The most common debate when a group is building a KPI Model is about which view of the organization is paramount? It usually boils down to an argument about he top-down model or the bottom-up model.
The top-down proponents argue that they need a helicopter view with the ability to drill down into the detail when a problem is revealed. The bottom-up proponents argue that performance happens at the operational level, and the people at the coal-face need real KPIs to manage their own performance.
The problem is that both are right. Inevitably the modeler is faced with a problem. How can both perspectives be served in the same model?
An Example: The project-based business
When a business is organized as a number of functional or discipline groups running a range of projects for customers, there is a common problem.
Project managers see their role as to run their projects perfectly. They really believe that if every project is delivered on time and within budget, the whole business must be OK. Top management knows that every project can run perfectly and the business can still be in trouble. The business is more than the sum of the projects.
The reason is a vital KPI for project businesses – Labor Utilization.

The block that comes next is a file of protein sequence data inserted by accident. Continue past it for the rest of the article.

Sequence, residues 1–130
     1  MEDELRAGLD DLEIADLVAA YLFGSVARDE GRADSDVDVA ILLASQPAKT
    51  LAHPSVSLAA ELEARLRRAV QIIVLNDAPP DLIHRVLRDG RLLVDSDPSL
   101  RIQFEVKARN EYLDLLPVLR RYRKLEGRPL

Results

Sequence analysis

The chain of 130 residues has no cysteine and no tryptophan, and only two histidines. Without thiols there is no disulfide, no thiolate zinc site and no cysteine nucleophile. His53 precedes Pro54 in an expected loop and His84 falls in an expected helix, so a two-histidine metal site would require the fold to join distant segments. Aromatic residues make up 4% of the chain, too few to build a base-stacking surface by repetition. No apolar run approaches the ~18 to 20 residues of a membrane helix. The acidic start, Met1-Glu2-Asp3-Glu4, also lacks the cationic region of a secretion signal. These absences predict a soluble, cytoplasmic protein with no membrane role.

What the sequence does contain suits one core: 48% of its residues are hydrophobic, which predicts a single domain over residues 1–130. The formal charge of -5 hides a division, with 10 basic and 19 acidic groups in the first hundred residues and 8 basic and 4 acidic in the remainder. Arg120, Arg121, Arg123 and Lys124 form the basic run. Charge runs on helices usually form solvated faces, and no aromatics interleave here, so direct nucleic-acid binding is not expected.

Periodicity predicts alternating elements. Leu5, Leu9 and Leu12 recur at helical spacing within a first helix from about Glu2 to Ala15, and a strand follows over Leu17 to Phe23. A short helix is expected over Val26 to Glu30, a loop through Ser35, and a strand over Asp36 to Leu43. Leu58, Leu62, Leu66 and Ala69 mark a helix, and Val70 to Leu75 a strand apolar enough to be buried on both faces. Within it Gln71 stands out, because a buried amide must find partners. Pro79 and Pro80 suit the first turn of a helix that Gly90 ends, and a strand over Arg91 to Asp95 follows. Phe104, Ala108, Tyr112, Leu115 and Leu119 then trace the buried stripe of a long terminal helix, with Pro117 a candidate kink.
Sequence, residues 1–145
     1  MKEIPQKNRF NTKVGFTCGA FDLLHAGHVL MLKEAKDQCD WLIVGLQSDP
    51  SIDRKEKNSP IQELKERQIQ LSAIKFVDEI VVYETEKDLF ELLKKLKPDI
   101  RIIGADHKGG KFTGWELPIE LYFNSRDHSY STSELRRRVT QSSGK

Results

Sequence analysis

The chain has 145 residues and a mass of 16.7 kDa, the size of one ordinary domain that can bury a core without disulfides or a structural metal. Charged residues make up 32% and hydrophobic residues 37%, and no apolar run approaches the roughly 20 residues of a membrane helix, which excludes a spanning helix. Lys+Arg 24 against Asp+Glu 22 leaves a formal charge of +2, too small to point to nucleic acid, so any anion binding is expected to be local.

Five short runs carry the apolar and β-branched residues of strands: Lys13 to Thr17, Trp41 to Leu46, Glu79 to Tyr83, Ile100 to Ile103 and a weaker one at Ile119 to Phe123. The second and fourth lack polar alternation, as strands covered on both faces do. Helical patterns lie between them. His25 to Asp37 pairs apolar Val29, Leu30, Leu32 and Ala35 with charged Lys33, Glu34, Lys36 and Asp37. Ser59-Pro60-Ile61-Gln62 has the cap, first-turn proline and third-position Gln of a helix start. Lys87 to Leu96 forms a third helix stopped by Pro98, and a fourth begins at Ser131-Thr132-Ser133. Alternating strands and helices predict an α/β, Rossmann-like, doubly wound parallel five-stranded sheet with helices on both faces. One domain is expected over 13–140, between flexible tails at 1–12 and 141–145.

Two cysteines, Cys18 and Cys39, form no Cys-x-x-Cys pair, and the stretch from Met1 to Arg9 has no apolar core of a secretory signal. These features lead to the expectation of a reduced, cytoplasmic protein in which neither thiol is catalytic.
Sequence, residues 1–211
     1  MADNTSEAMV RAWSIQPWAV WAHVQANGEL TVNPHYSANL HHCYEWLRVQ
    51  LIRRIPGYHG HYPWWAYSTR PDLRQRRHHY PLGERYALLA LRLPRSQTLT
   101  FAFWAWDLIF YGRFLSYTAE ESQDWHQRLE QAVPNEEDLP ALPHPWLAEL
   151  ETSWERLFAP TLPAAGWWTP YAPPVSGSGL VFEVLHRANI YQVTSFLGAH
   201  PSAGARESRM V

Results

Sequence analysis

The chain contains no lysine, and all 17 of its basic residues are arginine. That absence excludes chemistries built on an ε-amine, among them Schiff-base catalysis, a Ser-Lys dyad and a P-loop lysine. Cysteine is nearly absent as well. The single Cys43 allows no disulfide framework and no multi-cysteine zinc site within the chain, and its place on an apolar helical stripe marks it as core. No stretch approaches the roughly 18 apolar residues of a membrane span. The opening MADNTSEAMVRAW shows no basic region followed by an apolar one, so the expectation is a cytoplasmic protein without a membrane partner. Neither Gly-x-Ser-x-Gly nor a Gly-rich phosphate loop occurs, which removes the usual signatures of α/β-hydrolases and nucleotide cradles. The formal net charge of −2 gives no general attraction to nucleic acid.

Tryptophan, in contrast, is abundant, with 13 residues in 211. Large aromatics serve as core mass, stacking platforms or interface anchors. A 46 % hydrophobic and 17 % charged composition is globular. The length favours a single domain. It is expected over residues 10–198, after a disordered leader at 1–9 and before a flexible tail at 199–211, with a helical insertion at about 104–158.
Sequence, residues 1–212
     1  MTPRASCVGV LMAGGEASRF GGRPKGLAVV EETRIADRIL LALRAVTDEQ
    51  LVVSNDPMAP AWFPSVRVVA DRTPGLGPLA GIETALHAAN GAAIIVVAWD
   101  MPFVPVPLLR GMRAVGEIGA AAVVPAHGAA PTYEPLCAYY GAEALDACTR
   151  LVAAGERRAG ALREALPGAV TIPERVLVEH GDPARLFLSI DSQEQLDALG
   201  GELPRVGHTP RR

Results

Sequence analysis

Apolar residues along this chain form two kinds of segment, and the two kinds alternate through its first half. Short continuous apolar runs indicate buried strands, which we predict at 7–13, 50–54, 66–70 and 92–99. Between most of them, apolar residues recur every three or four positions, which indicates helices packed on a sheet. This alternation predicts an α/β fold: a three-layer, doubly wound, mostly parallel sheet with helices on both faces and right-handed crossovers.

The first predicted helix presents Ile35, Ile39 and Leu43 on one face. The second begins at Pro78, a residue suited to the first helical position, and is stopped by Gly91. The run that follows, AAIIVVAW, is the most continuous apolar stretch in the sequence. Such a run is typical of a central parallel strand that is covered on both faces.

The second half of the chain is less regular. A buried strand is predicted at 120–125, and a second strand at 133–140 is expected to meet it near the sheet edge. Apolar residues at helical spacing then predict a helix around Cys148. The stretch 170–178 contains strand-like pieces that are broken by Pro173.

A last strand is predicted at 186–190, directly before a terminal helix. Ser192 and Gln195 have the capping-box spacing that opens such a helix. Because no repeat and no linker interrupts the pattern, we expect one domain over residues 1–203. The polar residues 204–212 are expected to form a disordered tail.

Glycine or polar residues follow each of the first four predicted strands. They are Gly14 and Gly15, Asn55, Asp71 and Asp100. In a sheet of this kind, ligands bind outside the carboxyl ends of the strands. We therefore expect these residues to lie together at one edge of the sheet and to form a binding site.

To achieve budget or target levels of financial performance Labor Utilization must be kept in a narrow range. Labor Hours Charged as a % of Labor Hours Paid must be kept above break-even levels, but not too high lest the overload leads to system breakdown. The % range varies from industry to industry but it does not vary much within an industry group.
So why does this create a problem?
The project manager wants to optimize the cost of the labor resources from each of the functions applied to a single project.
The manager of each function (discipline) has to optimize the Labor Utilization for the function while contributing resources to multiple projects.
The chief executive has to optimize Labor Utilization for the whole organization.
The tension between these is a fundamental conflict of objectives.
Can the KPI model provide both views?
The answer is Yes, but it is difficult to get them both on the same page.
Think about the KPI Model as a way of providing three different slices of the Labor Utilization data:
• Top management needs are met at the highest level by the first page of the model that analyses the drivers of business return.
• Functional (discipline) managers are interested in the data for their function and their comparative performance. This is the next page.
• Project Managers are interested the performance of individual projects. This is the next page.
The links to the top page will contain the same numbers because they are taken from the same sources. If they are not the same you have a leak in your system.
This is a bit like a Statement of Financial Position; it must balance.
You can meet the needs of three different audiences each needing a different slice of the same data. The same challenges occur in product and service businesses and frequently in marketing businesses. There are decisions to be made.
This is potentially a complex topic so if you need more guidance you can get it at bizlearn.biz>Themes>KPI Models in the form of a whitepaper with comprehensive diagrams.